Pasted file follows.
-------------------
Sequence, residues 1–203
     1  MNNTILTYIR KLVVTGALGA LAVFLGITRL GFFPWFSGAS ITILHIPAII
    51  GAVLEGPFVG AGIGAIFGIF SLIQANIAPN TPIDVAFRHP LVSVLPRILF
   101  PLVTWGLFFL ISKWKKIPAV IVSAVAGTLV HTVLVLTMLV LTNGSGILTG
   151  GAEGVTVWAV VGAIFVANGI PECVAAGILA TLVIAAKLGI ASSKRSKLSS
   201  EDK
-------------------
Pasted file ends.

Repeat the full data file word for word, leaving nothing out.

Sequence, residues 1–203
     1  MNNTILTYIR KLVVTGALGA LAVFLGITRL GFFPWFSGAS ITILHIPAII
    51  GAVLEGPFVG AGIGAIFGIF SLIQANIAPN TPIDVAFRHP LVSVLPRILF
   101  PLVTWGLFFL ISKWKKIPAV IVSAVAGTLV HTVLVLTMLV LTNGSGILTG
   151  GAEGVTVWAV VGAIFVANGI PECVAAGILA TLVIAAKLGI ASSKRSKLSS
   201  EDK